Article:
The above mentioned and other features and objects of this invention and the manner of attaining them will become more apparent and the invention itself will be best understood by reference to the following description of the invention taken in conjunction with the accompanying drawings wherein:
FIG. 1 is a vertical section of a portion of a building having a below ground foundation wall and the drainage system of the present invention applied thereto;
FIG. 2 is a vertical section of a building of a slab-type construction and the drainage system of the invention;
FIG. 3 is a diagram showing the connection of drain tile to a sump pump; and
FIG. 4 is a perspective view of an expansion plate used in the system.
With reference to FIG. 1, reference numeral 10 generally designates a drainage system embodying the present invention. A foundation wall 12 is supported on a footer 14. An outside trench 16 is excavated to a shallow depth beneath the ground level next to the outside surface of the wall 12. Preferably, the trench is not less than 18 inches deep, not less than 14 inches wide, and not greater than about three feet deep. A plastic sheet 18 is placed in the trench 16 to form a trough. Then a layer of gravel is placed in the trough to form a bed. The sheet is preferably made of a polyvinyl chloride material. The sheet is preferably visqueen.
Means for draining water is placed in the trough. This means is drain tile 20. The drain tile may take a variety of forms, for example, the drain tile may be corrugated perforated flexible pipe, plastic perforated pipe sections, etc. If pipe sections are used, the individual pipe sections or drain tiles 20 are placed in the trough and secured together by a suitable adhesive to form a pipe line.
After the drain tile 20 is placed in the trough, the trough is filled with gravel 22. The gravel is preferably a washed river bed gravel size #57. The gravel size is large enough that it does not clog the openings in the drain tile. The gravel protects the tile from dirt and allows water to flow therethrough to the tile. The gravel 22 may be covered by the perforated plastic sheet 21 preferably having 18 holes per square foot, and the trench may be back filled with earth.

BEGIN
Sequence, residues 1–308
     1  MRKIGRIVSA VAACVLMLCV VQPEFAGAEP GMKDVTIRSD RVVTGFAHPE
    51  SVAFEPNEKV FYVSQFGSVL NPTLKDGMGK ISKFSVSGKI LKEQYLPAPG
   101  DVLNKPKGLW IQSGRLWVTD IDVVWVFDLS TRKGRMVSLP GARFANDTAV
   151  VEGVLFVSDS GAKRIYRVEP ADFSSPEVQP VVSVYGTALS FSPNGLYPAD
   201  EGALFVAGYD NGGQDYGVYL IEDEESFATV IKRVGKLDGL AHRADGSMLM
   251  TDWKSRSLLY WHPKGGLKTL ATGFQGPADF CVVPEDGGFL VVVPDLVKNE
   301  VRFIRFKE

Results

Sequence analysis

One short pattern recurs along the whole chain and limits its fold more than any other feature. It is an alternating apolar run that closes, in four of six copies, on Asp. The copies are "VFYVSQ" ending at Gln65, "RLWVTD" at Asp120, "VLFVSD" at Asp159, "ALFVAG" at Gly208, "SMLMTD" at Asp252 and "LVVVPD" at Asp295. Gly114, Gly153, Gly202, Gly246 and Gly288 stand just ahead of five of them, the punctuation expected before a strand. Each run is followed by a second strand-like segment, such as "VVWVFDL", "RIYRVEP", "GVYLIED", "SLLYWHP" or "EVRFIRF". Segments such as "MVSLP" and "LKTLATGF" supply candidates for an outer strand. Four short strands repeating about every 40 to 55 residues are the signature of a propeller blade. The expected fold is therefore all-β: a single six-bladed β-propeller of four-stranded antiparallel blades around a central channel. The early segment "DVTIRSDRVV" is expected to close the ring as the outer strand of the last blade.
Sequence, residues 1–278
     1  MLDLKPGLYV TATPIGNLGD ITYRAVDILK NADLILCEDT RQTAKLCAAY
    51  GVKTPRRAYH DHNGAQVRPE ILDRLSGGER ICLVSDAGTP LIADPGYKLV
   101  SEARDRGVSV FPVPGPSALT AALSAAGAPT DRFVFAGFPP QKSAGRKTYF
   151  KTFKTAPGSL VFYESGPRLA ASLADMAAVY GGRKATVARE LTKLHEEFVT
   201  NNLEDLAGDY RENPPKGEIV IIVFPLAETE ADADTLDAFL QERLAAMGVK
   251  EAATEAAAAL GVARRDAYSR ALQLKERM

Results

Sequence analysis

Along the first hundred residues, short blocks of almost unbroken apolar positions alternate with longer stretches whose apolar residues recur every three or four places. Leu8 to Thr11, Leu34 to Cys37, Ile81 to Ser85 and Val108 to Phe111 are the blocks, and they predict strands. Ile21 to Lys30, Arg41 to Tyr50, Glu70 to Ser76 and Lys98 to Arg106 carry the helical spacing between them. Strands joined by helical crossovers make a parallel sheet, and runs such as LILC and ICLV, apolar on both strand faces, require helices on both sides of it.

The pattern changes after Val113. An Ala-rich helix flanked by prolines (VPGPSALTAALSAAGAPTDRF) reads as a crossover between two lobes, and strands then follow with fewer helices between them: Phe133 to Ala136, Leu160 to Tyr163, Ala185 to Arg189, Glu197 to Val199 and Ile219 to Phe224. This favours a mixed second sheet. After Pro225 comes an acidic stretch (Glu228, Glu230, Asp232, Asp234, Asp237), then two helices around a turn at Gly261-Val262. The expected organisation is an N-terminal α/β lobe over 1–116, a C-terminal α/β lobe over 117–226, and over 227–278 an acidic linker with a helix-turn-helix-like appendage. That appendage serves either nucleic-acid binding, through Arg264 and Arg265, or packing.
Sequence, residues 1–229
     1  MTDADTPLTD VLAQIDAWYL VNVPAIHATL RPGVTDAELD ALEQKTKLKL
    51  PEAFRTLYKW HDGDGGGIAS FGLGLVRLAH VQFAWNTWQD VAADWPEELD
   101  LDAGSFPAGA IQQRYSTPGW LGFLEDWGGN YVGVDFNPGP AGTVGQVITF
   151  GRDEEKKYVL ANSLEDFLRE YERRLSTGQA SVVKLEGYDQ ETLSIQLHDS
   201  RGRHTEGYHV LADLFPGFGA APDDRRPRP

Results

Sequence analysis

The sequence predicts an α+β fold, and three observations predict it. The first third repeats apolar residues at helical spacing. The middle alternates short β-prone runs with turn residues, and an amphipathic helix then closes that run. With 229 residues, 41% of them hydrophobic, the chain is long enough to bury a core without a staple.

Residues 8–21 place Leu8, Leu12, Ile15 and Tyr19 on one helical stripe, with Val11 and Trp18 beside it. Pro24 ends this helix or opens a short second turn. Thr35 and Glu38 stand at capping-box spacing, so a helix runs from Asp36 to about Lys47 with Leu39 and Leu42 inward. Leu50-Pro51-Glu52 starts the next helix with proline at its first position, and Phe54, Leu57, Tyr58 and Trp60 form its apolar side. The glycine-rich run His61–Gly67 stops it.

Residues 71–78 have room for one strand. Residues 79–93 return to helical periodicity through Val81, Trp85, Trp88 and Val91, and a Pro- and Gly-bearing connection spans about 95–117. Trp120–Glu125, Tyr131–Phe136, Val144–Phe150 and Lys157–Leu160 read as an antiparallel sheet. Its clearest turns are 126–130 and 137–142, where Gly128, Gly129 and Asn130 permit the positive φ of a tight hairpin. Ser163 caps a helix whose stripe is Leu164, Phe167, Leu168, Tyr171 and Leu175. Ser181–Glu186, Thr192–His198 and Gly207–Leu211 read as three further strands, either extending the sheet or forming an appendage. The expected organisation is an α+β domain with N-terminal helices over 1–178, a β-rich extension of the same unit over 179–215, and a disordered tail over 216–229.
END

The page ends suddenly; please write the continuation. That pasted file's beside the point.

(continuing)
An inside trench 24 is formed inside of the wall 12 next to the footer 14. A gravel bed is layed and drain tile 26 is placed in the inside trench 24. These tiles, if individual pipe sections, are secured together by a suitable adhesive to form a pipe line. The respective pipe lines formed by the drain tiles 20 and 26 are inclined to the horizontal to provide for free flow of water through the lines.
The drain tiles 26 are also covered with the gravel 28. The gravel fills the trench 24 and forms a layer on the portion 30 of the top surface 32 of the footer 14 which is located inside the foundation wall 12. The top layer of the gravel is then covered with cement forming the basement floor 34.
An expansion plate 36 is mounted between the foundation wall 12 and adjacent the end of the basement floor 34. The expansion plate 36 extends from the top surface of the footer 14 to the top surface of the floor 34. The expansion plate 36 may have, preferably an arcuate cross section and is provided at the bottom portion thereof with notches 38 for conducting water which flows through weep holes 40 in the bottom of the foundation wall 12 into the gravel.
FIG. 2 shows a drainage system for a building of a slab-type construction. In FIG. 2, the corresponding elements are designated with the same reference numerals as in FIG. 1 with a prime added.
FIG. 2 shows a wall 12' supported on a footer 14'. Outside and inside trenches 16' and 24' are provided at approximately the same level and below the slab 42. Drain tiles 20' and 26' are placed in the trenches 16' and 24', respectively, in a manner discussed above.